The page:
This solid poplar platform bed is identifiable because of the greenish tones of the streaks in the heartwood.

If you’re looking at an upholstered piece of furniture with a wood frame or a wood crate or pallet, chances are you’re looking at poplar. Poplar grows throughout the northern hemisphere and is relatively inexpensive because of its prevalence. In fact, because of its low cost, poplar is often stained to mimic pricier hardwoods, making it particularly difficult to identify this type of wood in certain situations. 

The bold, streaky patterning of the grain of the walls, ceiling, floor, and desk all point to poplar.

If you're trying to identify poplar, it has a heartwood with a creamy, light yellow-brown color, sometimes with streaks of gray, green, or even a gray-purple hue. Its grain has a straight, uniform pattern, and the wood tends to get darker with sun exposure.


Identifying ash by its wood grain can be tricky, since it closely resembles oak.

With an appearance that's similar to oak, ash can be a difficult species to identify. It's known for its durability and use in countless handheld pieces of equipment, ranging from tool handles and baseball bats to hockey sticks, oars, and paddles. The most common types of ash trees can be separated into two basic categories: white ash and black ash.

Light color and beautiful graining characterize European ash. In this application, the flooring and stair risers have been treated with a varnish tinted one percent white.

White ash grows from the East Coast through the Midwest of the United States and has a lighter heartwood color and wider-spaced growth rings than black ash, which has a slightly darker hardwood. Black ash is typically found from the East Coast up into Eastern Canada, and has a light- to medium-brown heartwood. Its sapwood can have wide spacing between growth rings, which tends to be beige or light brown, and can blend in with the heartwood.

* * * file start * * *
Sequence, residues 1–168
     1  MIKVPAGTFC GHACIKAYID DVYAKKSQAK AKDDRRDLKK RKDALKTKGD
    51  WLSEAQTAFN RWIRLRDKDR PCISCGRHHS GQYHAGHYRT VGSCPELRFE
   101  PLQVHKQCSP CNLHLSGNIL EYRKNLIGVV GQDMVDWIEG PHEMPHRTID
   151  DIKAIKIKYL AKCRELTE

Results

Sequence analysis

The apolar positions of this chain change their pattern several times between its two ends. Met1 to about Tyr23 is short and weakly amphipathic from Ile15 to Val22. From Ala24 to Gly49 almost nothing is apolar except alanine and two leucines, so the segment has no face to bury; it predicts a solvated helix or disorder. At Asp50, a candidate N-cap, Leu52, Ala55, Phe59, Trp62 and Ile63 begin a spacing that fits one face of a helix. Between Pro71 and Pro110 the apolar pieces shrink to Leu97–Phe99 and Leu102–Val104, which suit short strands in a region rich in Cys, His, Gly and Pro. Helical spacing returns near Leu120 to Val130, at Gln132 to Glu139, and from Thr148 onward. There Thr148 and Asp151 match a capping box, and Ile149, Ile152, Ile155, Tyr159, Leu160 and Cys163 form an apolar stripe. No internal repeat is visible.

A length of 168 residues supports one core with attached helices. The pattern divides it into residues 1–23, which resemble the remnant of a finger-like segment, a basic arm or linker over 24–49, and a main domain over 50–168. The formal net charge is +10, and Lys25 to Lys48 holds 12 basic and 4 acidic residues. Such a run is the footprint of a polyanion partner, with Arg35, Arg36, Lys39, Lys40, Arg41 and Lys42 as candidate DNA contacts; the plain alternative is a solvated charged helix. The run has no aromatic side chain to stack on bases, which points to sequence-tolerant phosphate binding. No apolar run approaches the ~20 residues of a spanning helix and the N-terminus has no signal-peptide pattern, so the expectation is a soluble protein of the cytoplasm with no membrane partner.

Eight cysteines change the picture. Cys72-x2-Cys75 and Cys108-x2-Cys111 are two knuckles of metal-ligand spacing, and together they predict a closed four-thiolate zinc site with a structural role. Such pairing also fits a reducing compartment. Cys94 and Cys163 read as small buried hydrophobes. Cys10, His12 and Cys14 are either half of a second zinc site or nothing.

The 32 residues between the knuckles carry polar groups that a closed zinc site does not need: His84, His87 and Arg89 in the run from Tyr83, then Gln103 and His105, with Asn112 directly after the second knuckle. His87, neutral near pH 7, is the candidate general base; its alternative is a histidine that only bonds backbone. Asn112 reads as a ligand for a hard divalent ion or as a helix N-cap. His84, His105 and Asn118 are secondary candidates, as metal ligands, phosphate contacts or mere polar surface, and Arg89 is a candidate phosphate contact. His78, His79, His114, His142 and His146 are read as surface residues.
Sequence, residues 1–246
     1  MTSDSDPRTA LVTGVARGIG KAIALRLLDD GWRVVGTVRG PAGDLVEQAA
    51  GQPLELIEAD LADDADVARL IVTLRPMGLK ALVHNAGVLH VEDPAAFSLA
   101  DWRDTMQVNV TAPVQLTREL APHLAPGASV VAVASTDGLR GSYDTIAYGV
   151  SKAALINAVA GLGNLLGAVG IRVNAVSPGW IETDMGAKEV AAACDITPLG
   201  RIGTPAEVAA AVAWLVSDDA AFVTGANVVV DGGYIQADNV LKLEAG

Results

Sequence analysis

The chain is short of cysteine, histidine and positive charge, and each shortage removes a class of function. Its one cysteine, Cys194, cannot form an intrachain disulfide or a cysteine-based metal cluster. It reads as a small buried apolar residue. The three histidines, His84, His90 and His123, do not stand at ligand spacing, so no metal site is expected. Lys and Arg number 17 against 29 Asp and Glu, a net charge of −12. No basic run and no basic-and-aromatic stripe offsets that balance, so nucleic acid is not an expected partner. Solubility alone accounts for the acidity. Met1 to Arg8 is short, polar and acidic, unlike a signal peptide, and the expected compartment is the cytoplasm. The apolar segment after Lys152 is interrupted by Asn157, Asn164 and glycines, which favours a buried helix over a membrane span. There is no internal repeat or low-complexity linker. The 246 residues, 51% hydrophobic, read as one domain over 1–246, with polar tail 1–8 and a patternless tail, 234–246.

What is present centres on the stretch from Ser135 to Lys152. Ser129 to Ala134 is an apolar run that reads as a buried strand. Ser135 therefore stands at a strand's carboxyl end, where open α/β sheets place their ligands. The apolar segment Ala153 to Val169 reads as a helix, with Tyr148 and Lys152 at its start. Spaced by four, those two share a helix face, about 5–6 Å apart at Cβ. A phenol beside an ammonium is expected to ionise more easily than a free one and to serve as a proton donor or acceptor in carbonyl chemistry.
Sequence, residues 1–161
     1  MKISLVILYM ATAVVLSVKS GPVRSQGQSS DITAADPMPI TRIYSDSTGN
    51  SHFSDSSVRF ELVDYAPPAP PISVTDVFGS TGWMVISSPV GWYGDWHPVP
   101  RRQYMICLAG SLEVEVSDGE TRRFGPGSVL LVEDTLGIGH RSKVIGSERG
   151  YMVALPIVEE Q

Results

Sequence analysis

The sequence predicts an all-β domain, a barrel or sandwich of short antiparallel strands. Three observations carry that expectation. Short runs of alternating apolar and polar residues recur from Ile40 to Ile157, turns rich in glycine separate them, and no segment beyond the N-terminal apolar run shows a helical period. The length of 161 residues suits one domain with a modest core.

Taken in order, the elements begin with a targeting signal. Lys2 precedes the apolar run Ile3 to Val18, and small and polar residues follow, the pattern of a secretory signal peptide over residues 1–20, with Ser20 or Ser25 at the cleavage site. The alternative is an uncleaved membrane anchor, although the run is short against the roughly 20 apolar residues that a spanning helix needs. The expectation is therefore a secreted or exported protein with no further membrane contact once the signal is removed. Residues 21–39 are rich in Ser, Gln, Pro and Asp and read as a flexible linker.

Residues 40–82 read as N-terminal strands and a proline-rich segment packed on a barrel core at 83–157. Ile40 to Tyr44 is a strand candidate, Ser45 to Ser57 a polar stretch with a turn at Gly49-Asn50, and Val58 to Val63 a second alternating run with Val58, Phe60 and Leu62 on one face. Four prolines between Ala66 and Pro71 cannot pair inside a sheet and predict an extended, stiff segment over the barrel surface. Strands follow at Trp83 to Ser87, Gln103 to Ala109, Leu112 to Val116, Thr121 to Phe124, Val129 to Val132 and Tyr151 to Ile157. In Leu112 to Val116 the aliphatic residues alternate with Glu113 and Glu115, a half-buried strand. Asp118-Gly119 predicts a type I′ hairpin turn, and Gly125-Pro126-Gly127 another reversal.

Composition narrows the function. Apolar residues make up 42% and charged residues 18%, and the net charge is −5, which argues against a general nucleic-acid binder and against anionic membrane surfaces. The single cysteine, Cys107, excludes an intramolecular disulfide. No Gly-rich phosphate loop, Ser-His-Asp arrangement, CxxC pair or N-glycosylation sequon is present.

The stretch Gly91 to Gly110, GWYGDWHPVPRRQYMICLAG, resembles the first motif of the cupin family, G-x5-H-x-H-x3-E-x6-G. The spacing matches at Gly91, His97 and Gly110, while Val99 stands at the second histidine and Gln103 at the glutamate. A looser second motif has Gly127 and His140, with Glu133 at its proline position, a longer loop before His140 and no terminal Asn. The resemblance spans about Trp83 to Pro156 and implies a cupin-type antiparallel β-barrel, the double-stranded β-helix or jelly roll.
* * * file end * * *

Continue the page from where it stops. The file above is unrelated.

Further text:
Douglas Fir 

The island and cabinets in this kitchen are fashioned from re-milled Douglas fir beams salvaged from upstate New York; the knots and wavy grain are what makes this wood type identifiable.

Finally, Douglas fir is a very common softwood—a term that's not reflective of its density or durability, but rather of its status as a conifer. Surprisingly, Douglas fir isn’t a true fir (it was named after a Scottish botanist in the 1790s who described it as one), but has its own genus. It's known for being extremely stiff and strong for its weight, and therefore it's a valuable type of commercial lumber.

Douglas fir mostly grows in western North America, and is often used as structural or construction lumber or a veneer over plywood. In terms of appearance, Douglas fir usually has a light-brown color with a touch of red or yellow in-between darker growth rings, although the appearance can range widely depending on age and location of growth. Although its grain is generally straight or slightly wavy and there are usually knots in the wood, it can exhibit a wide range of grain patterns when cut into a veneer.

Related Reading: 8 Beautiful Home Projects Using Reclaimed Wood, 6 Quick Tips for Maintaining Wood Countertops